Things start off with the culmination of our Luc Besson Debt to Cinema chain, his long gestating, must see in 3D, comic book adaptation then segue into Christopher Nolan’s larger than life, humanistic war flick (20:30) and my horrible experience watching it. Next Steve tries to lighten the mood with A Ghost Story (46:50), Mike and Dave Need Wedding Dates, and Little Hours (49:10). Finally I dipped into the anime again with Food Wars (52:47) and Inuyasha (54:50) + my first impressions of my New Nintendo 3DS XL (57:38).
Independent filmmaking is what brought life back into cinema, and given that we primarily sought our educations in the medium based on the exploits of artists working outside the constructs of the studio system, its only fitting that we would finally get around to watching the first of John Cassavetes’s canon – possibly the first indie film #SilverDollar
Welcome to our first triple feature, starting with the true romcom of Kumail Nanjiani and Emily V. Gordon’s lives #IdBuyThatForADollar, followed by Sony’s third go at Spidey (24:23), and finally Matt Reeves’s conclusion to the Apes trilogy (48:23) #IBTFAD. Also, Steve shares thoughts on The Exception (1:20:07), Kirikou and the Sorceress (1:24:19), and a double feature of The Philadelphia Story/Palm Beach Story (1:27:06). Meanwhile, I caught This is John (1:32:04) and Videodrome in 35mm (1:36:37) – then my Goodwill Corner featuring a surprise announcement (1:41:08).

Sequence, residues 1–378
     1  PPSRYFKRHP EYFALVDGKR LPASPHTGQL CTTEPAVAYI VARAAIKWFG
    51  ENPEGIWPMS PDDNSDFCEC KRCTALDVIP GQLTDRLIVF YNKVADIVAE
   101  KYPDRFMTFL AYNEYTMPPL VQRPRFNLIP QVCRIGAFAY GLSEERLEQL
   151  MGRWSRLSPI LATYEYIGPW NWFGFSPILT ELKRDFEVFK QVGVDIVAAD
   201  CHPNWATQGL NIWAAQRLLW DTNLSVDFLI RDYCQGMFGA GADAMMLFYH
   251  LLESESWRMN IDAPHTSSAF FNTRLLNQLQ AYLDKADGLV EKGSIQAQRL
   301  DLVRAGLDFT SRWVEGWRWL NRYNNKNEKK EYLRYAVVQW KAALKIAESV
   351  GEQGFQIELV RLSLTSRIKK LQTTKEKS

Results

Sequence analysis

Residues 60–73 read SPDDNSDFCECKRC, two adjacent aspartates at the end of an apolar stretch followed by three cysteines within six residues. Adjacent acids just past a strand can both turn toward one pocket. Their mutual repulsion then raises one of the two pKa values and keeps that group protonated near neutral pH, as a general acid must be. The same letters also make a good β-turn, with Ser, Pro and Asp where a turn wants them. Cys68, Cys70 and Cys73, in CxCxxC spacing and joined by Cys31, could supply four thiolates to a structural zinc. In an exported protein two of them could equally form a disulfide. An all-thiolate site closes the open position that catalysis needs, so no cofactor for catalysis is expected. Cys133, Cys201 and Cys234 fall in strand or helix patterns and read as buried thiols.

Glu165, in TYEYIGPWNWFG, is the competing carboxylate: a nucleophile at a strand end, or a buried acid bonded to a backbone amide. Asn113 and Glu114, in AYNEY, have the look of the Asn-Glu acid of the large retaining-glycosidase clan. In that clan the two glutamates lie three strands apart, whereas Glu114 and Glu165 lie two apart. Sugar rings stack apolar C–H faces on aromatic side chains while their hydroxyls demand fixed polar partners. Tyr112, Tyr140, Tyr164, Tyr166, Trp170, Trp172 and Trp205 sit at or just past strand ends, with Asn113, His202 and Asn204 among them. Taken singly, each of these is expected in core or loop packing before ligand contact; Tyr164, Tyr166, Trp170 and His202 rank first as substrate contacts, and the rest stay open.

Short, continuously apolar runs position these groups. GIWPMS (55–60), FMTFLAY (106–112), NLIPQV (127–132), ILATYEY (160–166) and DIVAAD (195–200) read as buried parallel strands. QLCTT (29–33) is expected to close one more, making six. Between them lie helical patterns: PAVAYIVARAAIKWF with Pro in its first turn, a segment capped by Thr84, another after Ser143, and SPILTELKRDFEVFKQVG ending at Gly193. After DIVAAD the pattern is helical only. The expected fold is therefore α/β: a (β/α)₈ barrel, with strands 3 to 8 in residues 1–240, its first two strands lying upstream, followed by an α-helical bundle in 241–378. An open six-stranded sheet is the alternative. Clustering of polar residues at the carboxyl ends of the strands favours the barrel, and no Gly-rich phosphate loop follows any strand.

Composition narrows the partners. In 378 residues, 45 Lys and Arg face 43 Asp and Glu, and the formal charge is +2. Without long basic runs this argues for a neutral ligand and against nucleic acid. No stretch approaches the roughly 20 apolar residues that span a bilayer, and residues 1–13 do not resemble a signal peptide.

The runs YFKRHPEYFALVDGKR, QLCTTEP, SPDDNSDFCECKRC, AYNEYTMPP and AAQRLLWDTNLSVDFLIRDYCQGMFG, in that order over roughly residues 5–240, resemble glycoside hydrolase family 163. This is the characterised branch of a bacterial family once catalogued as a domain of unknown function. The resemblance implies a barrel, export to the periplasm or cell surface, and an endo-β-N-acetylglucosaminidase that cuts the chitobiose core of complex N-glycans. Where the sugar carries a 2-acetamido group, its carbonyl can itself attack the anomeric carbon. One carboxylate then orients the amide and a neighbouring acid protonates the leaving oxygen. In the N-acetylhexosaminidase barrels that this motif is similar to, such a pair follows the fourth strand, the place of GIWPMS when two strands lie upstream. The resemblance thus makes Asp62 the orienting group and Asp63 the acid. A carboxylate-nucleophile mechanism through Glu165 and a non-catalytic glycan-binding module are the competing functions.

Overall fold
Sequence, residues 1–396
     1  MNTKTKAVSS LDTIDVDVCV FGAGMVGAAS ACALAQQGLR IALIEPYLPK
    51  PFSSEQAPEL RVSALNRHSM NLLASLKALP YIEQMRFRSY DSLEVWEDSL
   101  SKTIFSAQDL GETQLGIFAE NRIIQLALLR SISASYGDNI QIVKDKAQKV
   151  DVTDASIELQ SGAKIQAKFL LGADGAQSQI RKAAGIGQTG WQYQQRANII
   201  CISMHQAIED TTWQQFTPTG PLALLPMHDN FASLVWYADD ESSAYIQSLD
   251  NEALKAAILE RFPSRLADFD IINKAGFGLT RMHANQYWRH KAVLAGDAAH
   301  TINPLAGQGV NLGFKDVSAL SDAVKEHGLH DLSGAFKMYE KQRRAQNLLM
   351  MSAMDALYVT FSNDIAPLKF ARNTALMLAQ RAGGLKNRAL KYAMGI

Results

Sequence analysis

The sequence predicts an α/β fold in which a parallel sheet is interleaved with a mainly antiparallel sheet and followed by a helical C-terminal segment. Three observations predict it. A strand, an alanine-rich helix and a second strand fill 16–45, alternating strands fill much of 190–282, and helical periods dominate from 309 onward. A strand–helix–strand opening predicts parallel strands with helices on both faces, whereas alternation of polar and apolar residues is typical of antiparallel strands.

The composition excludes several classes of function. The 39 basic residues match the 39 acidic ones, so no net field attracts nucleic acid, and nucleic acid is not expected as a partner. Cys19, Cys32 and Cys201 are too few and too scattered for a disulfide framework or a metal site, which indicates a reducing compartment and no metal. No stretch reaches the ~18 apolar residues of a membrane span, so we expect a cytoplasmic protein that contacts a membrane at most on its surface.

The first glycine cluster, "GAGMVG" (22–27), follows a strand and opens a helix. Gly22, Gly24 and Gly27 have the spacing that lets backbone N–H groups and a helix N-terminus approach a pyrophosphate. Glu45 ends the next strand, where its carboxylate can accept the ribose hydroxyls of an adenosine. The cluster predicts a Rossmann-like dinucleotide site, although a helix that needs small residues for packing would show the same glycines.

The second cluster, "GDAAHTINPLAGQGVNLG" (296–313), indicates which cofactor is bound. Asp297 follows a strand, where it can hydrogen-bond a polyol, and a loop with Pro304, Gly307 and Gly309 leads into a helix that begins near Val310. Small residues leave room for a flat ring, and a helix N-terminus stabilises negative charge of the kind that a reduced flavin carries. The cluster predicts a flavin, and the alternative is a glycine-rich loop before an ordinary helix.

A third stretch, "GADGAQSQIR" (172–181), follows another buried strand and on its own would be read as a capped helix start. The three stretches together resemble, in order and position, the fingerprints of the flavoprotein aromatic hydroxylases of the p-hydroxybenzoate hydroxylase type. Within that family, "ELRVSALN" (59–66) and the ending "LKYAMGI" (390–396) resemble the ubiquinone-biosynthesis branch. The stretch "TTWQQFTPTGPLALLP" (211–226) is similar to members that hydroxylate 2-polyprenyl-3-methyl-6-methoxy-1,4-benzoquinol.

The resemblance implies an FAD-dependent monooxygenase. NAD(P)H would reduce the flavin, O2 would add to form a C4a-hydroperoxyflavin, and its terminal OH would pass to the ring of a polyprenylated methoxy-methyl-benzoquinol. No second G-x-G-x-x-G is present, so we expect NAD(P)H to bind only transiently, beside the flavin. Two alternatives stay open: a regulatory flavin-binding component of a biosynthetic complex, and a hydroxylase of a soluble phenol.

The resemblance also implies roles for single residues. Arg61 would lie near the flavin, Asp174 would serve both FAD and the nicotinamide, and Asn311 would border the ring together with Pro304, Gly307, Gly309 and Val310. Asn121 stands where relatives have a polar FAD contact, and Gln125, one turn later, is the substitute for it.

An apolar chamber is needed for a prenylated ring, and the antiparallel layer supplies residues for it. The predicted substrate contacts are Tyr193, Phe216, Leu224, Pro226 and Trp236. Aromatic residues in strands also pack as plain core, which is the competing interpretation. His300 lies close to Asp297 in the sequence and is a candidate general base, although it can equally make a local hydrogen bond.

Having done the UK proud and Canadian manga fans one better, what has Edgar Wright brought to musically inclined getaway drivers of the South? #SilverDollar – I also played plenty of rhythm games in our month long absence headlined by DJ Hero (27:46), went to the cinema for Captain Underpants (31:47) and Transformers: The Last Knight (34:30) in 3D, and stayed home for Adam Sandler’s The Cobbler (43:17). Meanwhile, Steve caught Cars 3 also in three dimensions (52:03), Collateral Beauty (55:10), and The Girl on the Train (59:37), before I close with my many Goodwill finds featuring an ad for the org (1:03:42).
After three reviews for Batman v Superman and my equal amount of screenings for Suicide Squad, Patty Jenkins made a sacrifice to the gods and gave us a DCEU movie the world unanimously loves for all the right reasons #IdBuyThatForADollar. We fill out the rest of the episode with our delayed thoughts on Tom Tykwer’s A Hologram for the King (38:45), “Max Landis’s” Mr. Right (44:27), and IFC Midnighter, A Dark Song (58:37).
Despite its top billing, Macon Blair’s Melanie Lynskey/Elijah Wood staring Netflix exclusive isn’t the big review this episode, that honor is split between my solo outings with Playstation VR’s Farpoint + Aim Controller (14:57) and Master of None season two (24:15). Meanwhile, Steve missed another chance at catching GotG Vol. 2 in 3D and settled on anime darling, Your Name (31:43) and I close with praise for film podcast 80s All Over (38:27).
We begin with the hippie starring, hipster targeted, family road trip, philosophical drama, Captain Fantastic before I move onto actual superhero fare Guardians of the Galaxy Vol. 2 (28:36) and M. Night Shyamalan’s Split and Unbreakable (46:34). Next, I share my PSVR experiences with Until Dawn: Rush of Blood (55:38) and puzzler Statik (57:53). Meanwhile Steve caught James Ponsoldt’s The Circle (1:01:13), Free Fire (1:20:00), and The Accountant (1:21:34). Finally, I share the TV I’ve been watching lately and my best Goodwill find to date: the $3 recliner (1:24:57).